Ironhead. The Intimidator. Mr. Restrictor Plate. The Man in Black. Dad.
All were names that Dale Earnhardt, Sr., was given or earned throughout his career and life.
Here was a man who struck, at the least, unease, and, at worst, fear into opponents when he made an appearance in their rear view mirrors.
Yet, off the track he was always ready with a kind word, some sage advice, and plenty of encouragement for up-and-coming drivers, belying the intense competitiveness he displayed on the track.
He won seven championships before he was finally able to complete his career by taking home the big one in Daytona, ending a 20-year drought at his favorite race track.
However, this place which seemed to give him the most joy would also be the site of his demise: In a last-lap crash trying to help his son Dale Jr., and Junior's teammate Michael Waltrip gain a victory at the 500, Earnhardt's car wiggled, then snapped violently to the right, hitting the outside retaining wall, while almost simultaneously being T-boned by the No. 38 of Ken Schrader.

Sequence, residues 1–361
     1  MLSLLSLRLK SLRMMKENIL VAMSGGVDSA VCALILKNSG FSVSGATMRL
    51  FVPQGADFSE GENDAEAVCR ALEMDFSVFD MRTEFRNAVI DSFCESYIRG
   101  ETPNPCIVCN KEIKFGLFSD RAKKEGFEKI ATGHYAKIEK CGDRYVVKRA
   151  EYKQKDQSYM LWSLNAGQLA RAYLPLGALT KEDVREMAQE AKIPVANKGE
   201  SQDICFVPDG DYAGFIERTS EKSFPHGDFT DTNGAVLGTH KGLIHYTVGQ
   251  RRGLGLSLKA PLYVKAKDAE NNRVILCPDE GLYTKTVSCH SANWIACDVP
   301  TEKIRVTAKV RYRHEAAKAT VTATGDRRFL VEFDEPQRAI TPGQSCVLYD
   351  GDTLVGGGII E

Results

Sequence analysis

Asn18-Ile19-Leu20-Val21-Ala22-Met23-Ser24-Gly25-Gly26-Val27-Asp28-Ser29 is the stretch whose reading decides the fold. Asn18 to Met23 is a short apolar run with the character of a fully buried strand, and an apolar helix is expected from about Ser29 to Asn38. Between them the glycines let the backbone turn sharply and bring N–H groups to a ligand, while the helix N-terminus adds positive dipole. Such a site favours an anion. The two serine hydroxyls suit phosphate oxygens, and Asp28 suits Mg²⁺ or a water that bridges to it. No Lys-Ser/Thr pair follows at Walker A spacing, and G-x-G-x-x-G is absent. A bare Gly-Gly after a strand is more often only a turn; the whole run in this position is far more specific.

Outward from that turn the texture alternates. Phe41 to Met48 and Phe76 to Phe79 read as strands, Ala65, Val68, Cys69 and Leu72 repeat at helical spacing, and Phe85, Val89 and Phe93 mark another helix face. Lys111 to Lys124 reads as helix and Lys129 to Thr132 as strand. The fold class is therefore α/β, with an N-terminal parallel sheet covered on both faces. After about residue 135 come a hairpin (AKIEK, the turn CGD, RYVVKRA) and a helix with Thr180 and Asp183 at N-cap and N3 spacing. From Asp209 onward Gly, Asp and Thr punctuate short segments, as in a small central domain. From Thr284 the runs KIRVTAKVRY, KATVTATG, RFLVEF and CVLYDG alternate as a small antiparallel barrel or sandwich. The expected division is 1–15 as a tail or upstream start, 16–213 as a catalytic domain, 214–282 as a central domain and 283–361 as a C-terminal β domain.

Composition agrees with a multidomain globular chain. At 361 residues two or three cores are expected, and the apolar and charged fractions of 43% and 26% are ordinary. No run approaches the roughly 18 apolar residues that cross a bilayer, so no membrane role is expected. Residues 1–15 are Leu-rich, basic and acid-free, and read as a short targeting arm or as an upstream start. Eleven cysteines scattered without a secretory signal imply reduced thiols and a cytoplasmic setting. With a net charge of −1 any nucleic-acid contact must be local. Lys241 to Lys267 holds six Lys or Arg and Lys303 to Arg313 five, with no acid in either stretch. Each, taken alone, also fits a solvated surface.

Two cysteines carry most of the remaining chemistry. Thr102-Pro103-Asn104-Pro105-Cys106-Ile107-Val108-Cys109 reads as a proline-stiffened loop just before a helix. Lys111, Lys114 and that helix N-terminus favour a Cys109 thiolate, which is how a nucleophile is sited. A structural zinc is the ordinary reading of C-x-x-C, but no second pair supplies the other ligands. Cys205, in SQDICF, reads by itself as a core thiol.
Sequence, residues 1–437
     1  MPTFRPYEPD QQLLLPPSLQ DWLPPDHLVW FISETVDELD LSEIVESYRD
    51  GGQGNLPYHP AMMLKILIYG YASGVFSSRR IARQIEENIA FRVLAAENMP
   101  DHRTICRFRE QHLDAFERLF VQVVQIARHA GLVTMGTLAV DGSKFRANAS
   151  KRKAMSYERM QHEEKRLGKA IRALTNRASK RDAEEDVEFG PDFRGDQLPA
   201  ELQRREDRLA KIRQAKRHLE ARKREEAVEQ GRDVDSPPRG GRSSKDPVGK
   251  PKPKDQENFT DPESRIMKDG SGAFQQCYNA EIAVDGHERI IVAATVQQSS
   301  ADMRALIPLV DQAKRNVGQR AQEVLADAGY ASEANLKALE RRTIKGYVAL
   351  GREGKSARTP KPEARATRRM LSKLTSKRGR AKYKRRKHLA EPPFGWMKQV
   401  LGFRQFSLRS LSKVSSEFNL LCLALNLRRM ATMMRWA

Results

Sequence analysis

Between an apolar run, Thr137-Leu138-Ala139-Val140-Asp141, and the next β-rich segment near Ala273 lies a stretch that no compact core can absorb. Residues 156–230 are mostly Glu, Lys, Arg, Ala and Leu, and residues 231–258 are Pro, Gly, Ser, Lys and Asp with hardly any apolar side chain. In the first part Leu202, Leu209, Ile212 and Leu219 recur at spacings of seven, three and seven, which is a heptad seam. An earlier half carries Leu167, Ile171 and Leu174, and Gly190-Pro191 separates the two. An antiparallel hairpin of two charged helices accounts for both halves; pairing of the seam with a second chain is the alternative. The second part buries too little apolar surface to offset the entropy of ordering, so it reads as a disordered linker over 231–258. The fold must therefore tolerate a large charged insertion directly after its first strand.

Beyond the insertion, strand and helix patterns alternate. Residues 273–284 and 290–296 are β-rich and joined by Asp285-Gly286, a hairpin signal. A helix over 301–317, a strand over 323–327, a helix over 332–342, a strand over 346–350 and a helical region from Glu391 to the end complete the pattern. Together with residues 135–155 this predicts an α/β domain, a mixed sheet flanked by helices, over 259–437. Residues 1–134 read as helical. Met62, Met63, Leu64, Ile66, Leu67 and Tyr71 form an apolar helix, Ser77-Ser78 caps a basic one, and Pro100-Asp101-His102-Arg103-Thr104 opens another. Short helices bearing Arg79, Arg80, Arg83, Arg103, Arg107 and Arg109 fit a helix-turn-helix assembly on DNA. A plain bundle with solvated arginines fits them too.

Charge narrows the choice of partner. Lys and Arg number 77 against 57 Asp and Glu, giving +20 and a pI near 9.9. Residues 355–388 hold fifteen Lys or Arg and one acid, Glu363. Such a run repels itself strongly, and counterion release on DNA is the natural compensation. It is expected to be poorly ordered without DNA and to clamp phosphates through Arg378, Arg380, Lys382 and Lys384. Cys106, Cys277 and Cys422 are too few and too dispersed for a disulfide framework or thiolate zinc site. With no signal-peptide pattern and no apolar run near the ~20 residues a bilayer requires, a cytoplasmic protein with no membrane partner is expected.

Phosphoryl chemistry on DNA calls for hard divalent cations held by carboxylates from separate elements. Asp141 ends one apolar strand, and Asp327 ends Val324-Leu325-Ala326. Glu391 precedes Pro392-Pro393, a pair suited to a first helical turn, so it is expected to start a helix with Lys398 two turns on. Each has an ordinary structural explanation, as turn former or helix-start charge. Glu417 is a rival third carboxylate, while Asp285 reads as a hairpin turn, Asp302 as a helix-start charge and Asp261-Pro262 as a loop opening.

At first what looked like a minor accident—after all, he had walked away from much worse—slowly became frighteningly hectic as rescue crews worked feverishly to extricate him from the wreckage.
Fans and drivers hoped for the best, while some, such as long-time friend and competitor Darrell Waltrip, most assuredly feared the worst.
Scant hours later, NASCAR president Mike Helton brought the sports community to its knees with one short sentence: "After the accident in Turn Four at the end of the Daytona 500, we've lost Dale Earnhardt."
And with that, fans of the man who had once famously said in a post-race interview that he didn't care whether fans were booing him or cheering him, as long as they were making some noise, were stunned into silence and mourning.